According to the DOJ’s Bureau of Justice statistics, those with mental and addiction problems were more likely to serve multiple prison terms than those free of such burdens. Using the universally accepted Diagnostic and Statistical Manuel of Mental Disorders, fourth edition, to define a mental disorder, women inmates far outnumber men in this department, with 73% of women and 55% of men meeting the DSM-IV criteria.
And yes, drug abuse and dependence are mental disorders as defined by DSM.
Other disorders found in prison populations range from major depressive or mania symptoms to delusions and hallucinations to whatever leads 13% of mentally troubled inmates to attempt suicide. Many of these conditions lead to the ever-present specter of fights and murders within prison walls.
If I had my druthers, most inmates included in the above categories would be released immediately to residential and halfway house treatment programs funded by the feds and states. Once completely returned to society under the continued care of a mental health professional, follow-up extended release treatment would be mandatory until the individual was pronounced cured. And some of these conditions can be cured. For those that can’t, it’s our obligation to our fellow citizens to provide outpatient care for life. Yes, it’s a little extra work, maybe some additional money, but such “sacrifices” are your entry fee to join the human race.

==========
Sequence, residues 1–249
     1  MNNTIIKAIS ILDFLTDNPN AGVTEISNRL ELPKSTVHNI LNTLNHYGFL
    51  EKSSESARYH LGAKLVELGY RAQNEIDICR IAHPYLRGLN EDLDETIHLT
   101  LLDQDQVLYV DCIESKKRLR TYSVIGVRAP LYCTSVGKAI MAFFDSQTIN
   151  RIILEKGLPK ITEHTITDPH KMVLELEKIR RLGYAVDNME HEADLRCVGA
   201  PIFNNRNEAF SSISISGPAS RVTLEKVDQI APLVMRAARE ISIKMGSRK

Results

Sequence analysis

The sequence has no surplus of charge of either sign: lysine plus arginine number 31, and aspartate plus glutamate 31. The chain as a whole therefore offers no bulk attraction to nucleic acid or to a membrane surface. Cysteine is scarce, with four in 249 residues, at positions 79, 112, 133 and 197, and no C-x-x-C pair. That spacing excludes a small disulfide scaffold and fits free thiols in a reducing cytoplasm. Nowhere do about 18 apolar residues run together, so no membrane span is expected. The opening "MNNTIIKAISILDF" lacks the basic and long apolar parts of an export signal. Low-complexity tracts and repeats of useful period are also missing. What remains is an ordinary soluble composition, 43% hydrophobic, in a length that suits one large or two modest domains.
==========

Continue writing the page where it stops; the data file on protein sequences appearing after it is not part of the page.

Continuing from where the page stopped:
Before you start grousing about the cost, however, the expense of treatment is way down my list of concerns. As I’ve written many times, the money is always there for a new FedEx, Amazon or name the global manufacturing facility, be it a few thousand or well over a billion. The money is always there! The money saved in incarceration expenditures, endless jail time and freebie lawyers as expressed midway through the reading of Miranda Rights: “You have a right to an attorney. If you cannot afford an attorney, one will be provided for you”, evens the playing field. Not that money isn’t a consideration. Public Defenders are often underpaid, but paid nonetheless. They’re overwhelmed and no matter the skill level, cannot possibly provide the quality of work that a rich defendant can afford from a major law firm with bunches of crack criminal defense specialists. Expensive, to be sure, but they’ll keep you out of prison or shave a decade or so off your sentence.